Things were grim in England in the seventies.

Jobs and money were scarce and inflation was running at double figures. In an effort to combat this, the Labour government under Jim Callaghan announced a country-wide pay freeze. All workers were limited to 6% pay rises, roughly half the annual rate of inflation. Low-income workers were hit particularly hard, many finding them selves simply unable to keep up with the constant price hikes.

In an attempt to combat this, a huge series of strikes sprang up simultaneously around the country in the winter of 1978. Lorry drivers and factory workers were among the first, council workers, teachers and nurses soon followed. The entire country was brought to a standstill leading to a near total collapse in the basic functioning of Britain. While the wildly exaggerated reports of bodies being left unburied were untrue, schools, factories and other services came to a standstill.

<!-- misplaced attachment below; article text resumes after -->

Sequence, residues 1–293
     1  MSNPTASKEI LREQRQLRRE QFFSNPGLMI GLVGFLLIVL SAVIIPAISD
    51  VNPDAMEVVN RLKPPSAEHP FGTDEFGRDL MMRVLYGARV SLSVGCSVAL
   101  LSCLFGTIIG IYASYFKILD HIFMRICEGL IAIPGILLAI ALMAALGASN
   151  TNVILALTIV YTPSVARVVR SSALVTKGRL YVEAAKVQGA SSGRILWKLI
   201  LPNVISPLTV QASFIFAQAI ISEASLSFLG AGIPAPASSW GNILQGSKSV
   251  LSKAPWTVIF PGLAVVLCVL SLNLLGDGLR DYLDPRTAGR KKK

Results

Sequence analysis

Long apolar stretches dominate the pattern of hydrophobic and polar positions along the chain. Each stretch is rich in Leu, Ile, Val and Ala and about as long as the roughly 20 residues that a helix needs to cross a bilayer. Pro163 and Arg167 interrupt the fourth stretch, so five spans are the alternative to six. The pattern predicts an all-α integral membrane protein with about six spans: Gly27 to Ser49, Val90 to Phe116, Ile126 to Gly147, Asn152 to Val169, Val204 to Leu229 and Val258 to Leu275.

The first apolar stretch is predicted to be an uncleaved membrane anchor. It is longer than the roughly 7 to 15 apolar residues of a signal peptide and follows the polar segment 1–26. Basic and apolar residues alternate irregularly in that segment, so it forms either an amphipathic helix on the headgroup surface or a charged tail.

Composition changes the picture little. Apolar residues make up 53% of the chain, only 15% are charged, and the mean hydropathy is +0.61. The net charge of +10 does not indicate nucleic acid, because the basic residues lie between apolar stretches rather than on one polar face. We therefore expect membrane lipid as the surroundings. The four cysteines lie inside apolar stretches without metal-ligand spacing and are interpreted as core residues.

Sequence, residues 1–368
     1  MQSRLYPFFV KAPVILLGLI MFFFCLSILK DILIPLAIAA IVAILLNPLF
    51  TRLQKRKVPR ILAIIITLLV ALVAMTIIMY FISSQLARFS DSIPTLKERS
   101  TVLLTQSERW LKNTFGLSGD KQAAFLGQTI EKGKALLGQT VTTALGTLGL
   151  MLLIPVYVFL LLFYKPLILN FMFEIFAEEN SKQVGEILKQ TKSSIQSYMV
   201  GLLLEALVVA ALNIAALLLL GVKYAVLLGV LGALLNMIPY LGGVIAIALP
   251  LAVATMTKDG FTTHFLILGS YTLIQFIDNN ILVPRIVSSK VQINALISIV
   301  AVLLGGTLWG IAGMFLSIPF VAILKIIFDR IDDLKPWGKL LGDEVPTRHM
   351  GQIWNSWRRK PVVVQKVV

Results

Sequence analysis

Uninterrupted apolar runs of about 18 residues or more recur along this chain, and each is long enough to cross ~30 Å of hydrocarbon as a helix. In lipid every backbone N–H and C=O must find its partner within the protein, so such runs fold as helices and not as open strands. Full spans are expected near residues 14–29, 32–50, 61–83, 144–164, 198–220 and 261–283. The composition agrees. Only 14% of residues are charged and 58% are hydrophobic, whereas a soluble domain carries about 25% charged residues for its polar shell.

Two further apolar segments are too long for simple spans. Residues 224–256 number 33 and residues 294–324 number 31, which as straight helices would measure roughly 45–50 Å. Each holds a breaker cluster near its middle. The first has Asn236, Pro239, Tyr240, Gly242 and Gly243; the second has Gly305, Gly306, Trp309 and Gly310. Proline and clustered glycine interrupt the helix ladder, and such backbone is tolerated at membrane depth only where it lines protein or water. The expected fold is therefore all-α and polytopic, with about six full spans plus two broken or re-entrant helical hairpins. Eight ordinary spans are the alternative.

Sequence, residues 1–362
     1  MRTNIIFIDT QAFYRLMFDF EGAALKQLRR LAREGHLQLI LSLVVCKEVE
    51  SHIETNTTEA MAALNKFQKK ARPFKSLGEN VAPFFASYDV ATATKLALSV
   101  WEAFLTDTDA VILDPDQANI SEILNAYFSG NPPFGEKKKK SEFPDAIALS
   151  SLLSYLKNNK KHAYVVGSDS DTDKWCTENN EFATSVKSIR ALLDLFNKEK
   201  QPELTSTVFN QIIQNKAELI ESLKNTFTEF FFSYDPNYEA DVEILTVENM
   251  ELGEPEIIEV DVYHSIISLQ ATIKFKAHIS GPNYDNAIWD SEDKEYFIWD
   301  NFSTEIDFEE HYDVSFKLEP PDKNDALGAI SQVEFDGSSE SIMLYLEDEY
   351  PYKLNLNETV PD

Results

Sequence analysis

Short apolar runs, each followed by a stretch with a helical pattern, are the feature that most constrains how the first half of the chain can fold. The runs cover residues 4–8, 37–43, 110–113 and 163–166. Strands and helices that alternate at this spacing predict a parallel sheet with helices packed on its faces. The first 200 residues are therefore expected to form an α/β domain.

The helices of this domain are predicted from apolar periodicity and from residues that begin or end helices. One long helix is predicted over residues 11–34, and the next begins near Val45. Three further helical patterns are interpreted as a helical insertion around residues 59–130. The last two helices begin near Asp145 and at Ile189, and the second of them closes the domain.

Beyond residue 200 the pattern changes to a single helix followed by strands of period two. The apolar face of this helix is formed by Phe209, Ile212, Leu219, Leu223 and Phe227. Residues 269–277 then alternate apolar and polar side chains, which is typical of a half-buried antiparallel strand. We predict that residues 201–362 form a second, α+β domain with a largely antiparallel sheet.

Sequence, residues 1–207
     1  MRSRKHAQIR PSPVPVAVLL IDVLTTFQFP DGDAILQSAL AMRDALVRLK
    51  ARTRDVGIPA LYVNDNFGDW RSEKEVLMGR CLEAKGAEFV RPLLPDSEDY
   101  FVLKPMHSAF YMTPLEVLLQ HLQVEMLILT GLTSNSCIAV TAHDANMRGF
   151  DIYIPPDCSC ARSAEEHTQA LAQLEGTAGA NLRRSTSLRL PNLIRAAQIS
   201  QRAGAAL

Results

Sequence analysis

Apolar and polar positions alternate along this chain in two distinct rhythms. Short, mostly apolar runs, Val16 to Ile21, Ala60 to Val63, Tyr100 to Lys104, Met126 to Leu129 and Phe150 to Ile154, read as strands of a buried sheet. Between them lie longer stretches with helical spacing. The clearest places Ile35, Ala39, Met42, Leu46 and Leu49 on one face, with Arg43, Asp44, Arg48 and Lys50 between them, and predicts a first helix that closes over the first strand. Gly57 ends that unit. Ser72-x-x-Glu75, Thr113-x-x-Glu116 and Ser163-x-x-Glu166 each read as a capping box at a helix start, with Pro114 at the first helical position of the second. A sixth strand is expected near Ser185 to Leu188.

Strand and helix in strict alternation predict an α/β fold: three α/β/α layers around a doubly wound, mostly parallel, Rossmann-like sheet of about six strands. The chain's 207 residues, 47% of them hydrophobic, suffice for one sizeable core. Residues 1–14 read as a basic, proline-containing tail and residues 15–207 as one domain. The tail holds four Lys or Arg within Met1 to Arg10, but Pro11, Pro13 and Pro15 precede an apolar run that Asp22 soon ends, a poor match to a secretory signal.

The strikes ended when the Labour government surrendered to the strikers and lifted the pay freeze. At this point though the party was doomed – the country was in a deep financial mire and a resurgent Conservative party led by a power-hungry Margaret Thatcher was waiting in the wings. To make matters worse, the apparently nonchalant attitude of the government (captured in the infamous Sun headline – “Crisis? What Crisis?”) made them appear incapable of running the country. It would be almost twenty years before they regained power.

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